Your main messages should always reflect what you want the public to know, and shouldn’t change much depending on a reporter’s questions. Therefore, you should use the questions you receive in advance primarily to help you think through how to transition from their questions to your answers.
Related: How to Become a Better Media Guest in Three Seconds
Related: Don’t Dumb It Down. Just Make It Simpler.
I only ask for questions when the subject matter expert will not be available in time to meet the reporter’s deadline. If we get the questions, then we can respond in a fashion that allows us to have control of the message.
John – GREAT point – thanks for adding it to the blog. You’re exactly right that reporters would almost always be willing to share their questions in that situation.
I work in media relations with a large, regulatory government department. We need to know questions in advance – because the decisions made in our department affect the laws and practices of the country, it is imperative that we have thorough, accurate answers for journalists. It would not be fair to citizens of the country to have incorrect information reported in the media (about something that affects EVERYONE) because a spokesperson mis-spoke or mis-interpreted the question.
There is also a question of approval. In order for government to properly function, media responses cannot be given in a vacuum – if a question is asked and there is no pre-existing response, approval of a new response is given at the highest levels. I actually can’t just put a spokesperson in touch with media on a sticky issue because the multiple levels of approval on a given response do not allow for that level of spontaneity.
Lesley – Thank you for your comment and your insight.
I’m particularly glad you stopped by, since you’re the first person to write in from a governmental agency/department. My experience in working with government clients is exactly as you described – they are required by policy to seek approval from top officials before speaking to the press.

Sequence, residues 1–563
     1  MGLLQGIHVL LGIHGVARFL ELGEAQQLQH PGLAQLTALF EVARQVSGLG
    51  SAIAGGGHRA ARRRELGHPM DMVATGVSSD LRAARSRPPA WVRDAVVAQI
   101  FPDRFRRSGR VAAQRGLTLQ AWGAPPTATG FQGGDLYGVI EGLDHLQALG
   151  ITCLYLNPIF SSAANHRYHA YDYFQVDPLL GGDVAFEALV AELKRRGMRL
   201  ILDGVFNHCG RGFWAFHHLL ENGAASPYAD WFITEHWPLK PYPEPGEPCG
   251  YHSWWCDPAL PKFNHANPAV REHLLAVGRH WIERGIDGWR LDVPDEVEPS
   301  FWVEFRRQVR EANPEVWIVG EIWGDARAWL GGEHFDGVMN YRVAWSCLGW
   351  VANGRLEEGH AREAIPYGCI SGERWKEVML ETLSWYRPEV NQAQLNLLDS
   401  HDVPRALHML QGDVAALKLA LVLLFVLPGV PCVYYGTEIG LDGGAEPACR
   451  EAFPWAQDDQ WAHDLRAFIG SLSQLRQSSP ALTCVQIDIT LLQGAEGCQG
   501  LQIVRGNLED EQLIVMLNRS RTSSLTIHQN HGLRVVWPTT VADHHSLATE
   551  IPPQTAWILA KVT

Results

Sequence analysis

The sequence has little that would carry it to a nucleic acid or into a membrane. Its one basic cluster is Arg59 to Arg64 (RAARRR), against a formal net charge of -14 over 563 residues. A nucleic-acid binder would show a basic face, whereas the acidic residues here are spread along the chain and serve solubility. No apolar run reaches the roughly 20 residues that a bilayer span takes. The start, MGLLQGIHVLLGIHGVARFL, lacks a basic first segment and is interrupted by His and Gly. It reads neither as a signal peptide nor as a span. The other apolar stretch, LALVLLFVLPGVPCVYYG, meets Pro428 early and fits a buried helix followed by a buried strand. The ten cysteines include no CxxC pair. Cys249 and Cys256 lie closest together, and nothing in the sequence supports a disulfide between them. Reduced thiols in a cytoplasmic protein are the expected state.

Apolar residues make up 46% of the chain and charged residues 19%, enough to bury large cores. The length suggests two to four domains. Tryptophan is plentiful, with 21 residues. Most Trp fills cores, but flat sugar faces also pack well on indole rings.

Would you mind answering a follow-up question? Let’s say you get the questions in advance and then arrange an interview for a journalist with a top governmental official. Let’s say it’s a live interview — radio or television, and the host varies from the pre-arranged questions. Is there a policy for what your spokespersons are supposed to do in such a situation?
Thanks again. Stop by anytime.
I had a great chat with a reporter recently. We were speaking quite candidly and he said there were two things that aggravated him. The first was when he was asked what his deadline was. Being the news, the deadline, he said, is right now. I have to say, while I understand his meaning, I also understand why people negotiate for time.
The second question he disliked was being asked for the interview questions. When people ask, he said, his answer was simply “NO!” He elaborated by saying “I don’t even know the questions!” He added, quite correctly, that a scripted interview will only produce a mediocre story. A good conversation with the interviewee on the other hand, will produce a great story. All conversations are reactive; they need to be. As PR reps it’s important that we prepare as much as we can for an interview. Asking for the angle will give you enough information and substance (generally) in order to prepare your stats/facts and to select the best spokesperson.
In that case, it would depend. For the most part, we try to connect reporters with subject matter experts. If the question that came up was within the scope of the interview, as well as within the scope of that person’s expertise, then it’s not an issue.
We don’t require that a journalist stick to a script – natural conversation is important for a good interview. They do, however, need to stick with the subject, when they are interviewing a subject matter expert.